When Tiffane White graduated from the National Cathedral School for Girls two years ago with a B average, she had the choice of going to Tufts University in Massachusetts, Emory University outside Atlanta, or Howard University in Washington. She chose Howard.
"All my mother's friends were amazed," White recalled. "They said, 'How could you spend all that money to put your daughter through private school and then end up sending her to Howard?'
"The worst thing was that my mother agreed with them," White continued. "She couldn't understand why I wanted to go to a black school either, even though I tried to explain that this was an experience I really needed after all those years in private school."
Middle class black families, seeking schools with smaller classes, better teachers and high college entrance test scores, are increasingly choosing to send their children to private schools. Like their white counterparts, these middle class black parents see private schools as an entree to the nation's elite colleges and universities.
Most of these black students, many of whom are actively recruited by Ivy League colleges, select predominantly white colleges. But some of these students are choosing historically black colleges.
The reasons include parental pride in their own alma maters, concerns about social life and a chance to learn more about the experiences of black people.
Jackie Walton Sadler is determined to send her daughter, now a ninth grader at National Cathedral, to Fisk, Sadler's alma mater.
"I know what it meant going to a small black college where you are treated as a person, not as a number," said Sadler. Over the years Sadler has instilled a respect for Fisk in her daughter by regularly taking her to the campus for homecoming and alumni association functions.
"When I visit Fisk today, I see teachers I had 25 years ago who still remember my name," Sadler said. "I never felt that kind of personal touch later in graduate school where most of the students were white."
Officials at several historically black colleges reported no increase in the number of private school graduates, but there has been a significant rise in the number of students from predominantly white public and parochial schools, these officials said.
"These students are looking for a quality education, but also for a setting that will provide a grounding in the black experience many have never known," said Sharon Lowe, the dean of women at Hampton University.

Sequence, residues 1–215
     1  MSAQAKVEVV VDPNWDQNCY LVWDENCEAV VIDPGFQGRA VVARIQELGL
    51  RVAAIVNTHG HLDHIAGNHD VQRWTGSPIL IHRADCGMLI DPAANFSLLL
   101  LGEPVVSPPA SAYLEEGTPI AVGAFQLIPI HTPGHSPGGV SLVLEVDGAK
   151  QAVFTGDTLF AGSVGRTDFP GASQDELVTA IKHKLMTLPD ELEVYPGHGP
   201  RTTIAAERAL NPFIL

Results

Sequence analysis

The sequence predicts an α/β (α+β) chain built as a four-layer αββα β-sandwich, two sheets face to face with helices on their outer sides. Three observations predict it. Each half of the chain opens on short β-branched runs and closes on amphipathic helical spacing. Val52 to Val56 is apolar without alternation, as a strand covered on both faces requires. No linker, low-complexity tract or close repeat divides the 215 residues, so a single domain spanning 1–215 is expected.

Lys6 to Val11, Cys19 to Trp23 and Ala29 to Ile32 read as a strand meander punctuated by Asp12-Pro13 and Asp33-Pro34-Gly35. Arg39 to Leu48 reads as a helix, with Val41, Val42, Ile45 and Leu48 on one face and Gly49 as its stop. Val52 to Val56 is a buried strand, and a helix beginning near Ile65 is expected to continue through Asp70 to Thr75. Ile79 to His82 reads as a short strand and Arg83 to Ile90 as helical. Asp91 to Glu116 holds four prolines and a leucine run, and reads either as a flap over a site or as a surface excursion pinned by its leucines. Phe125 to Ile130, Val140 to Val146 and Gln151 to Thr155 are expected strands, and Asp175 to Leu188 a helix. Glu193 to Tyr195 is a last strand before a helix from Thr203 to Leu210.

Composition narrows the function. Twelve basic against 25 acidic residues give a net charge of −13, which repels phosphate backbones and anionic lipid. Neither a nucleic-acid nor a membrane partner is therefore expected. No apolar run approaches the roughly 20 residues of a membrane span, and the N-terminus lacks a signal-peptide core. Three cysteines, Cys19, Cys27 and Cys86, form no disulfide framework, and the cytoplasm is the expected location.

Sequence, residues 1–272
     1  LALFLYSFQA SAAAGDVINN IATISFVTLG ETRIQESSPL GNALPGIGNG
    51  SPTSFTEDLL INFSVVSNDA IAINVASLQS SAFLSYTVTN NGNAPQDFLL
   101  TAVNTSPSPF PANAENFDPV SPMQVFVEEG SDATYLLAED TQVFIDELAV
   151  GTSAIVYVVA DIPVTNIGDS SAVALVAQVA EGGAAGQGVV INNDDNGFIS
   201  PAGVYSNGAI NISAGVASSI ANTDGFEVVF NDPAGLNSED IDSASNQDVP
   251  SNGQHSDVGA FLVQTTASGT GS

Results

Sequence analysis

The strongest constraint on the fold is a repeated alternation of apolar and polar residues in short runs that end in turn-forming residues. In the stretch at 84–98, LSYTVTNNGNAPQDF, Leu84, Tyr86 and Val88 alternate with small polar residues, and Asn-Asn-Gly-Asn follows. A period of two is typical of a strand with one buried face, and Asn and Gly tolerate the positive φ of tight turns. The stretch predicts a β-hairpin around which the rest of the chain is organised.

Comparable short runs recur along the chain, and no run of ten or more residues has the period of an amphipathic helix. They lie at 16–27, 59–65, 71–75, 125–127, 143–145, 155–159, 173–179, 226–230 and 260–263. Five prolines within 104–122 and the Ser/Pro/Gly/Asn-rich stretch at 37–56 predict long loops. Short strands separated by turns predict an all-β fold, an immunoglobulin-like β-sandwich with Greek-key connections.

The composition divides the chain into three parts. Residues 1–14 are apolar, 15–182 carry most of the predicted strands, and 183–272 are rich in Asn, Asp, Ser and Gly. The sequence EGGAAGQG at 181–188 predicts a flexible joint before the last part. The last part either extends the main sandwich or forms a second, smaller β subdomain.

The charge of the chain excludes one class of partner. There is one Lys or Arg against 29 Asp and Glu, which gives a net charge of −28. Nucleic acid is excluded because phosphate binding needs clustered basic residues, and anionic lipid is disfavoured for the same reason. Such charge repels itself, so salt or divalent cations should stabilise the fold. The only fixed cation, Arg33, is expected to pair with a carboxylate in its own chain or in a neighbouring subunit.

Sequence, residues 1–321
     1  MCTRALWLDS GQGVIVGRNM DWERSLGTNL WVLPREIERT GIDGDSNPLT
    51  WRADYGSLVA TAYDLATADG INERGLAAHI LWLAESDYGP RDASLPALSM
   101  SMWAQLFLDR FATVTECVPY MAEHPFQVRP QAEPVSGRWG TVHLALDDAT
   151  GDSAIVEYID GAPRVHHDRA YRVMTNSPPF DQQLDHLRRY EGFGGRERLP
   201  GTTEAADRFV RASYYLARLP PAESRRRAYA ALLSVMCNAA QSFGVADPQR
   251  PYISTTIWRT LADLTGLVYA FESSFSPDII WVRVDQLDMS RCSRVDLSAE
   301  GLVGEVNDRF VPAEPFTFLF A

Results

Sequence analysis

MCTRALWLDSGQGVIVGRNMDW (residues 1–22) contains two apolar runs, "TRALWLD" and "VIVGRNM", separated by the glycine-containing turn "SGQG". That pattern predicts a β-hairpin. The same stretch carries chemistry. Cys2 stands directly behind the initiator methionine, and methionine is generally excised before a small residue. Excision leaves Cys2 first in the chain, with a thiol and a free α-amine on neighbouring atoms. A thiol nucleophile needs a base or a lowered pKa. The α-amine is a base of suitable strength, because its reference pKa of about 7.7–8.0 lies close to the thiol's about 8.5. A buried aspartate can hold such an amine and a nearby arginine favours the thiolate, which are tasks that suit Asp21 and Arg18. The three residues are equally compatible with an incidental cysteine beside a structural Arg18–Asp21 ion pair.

"Many parents also know that we have a tradition of close supervision -- some students say too close -- and that we still take our role in loco parentis very seriously," she added.
Hampton is one of the few colleges that still enforces strict curfews for female students, she said.
Pat Johnson, assistant dean of admissions at Spelman College in Atlanta said that while some parents see black colleges as good places for their sons and daughters to find marriage partners, most parents are seeking the individual attention the school provides to its students.
Tiffane White, now a sophomore at Howard majoring in political science, said she has no regrets about her decision to attend a black college.
"I hated the inference that because Howard was a black school it was automatically not as good as the Ivy League colleges," she said.
"NCS really prepared me well in terms of knowing how to study and get good grades, but being at Howard has made me realize things about myself and being a black person in America that just wasn't there for me before. Now I'm taking a course in African history and I have learned that there were great civilizations in Africa that I never knew of.
"I feel that I know who I am now, and that there's something I can do for my race as a black woman. I don't know what it is yet, but I know there's a struggle and that it's my struggle," White said.
For Pam Owens, who graduated from Sidwell Friends in 1978 and then attended Hampton University, being at a predominantly black college was "like a revelation."
"I was sort of mixed up about my identity in high school," Owens said. "The kids in my neighborhood couldn't relate to me because I went to a white school. They thought I was stuck-up or something. At the same time I really didn't fit in at school. I was always going through an identity crisis, and stayed to myself a lot," Owens said.
"I never really participated in extra-curricular activities in high school," Owens recalled. "My mother couldn't take me on trips to Europe like the other kids, so we didn't have a lot to talk about. The black guys at Sidwell dated white girls, which hurt me a lot. I knew in my neighborhood I could never come home with a white boyfriend."
She added, "I never knew who Langston Hughes was because they didn't teach us about him at Sidwell," she said. "It wasn't until my freshman year at Hampton that I discovered that I had a heritage as a black person."
Owens, who majored in special education, now teaches emotionally disturbed children at a junior high school in Northeast Washington also found "a sense of identity at Hampton and I loved it. I felt that that was where I belonged, and just being there made me feel as if a great burden had been lifted off my shoulders."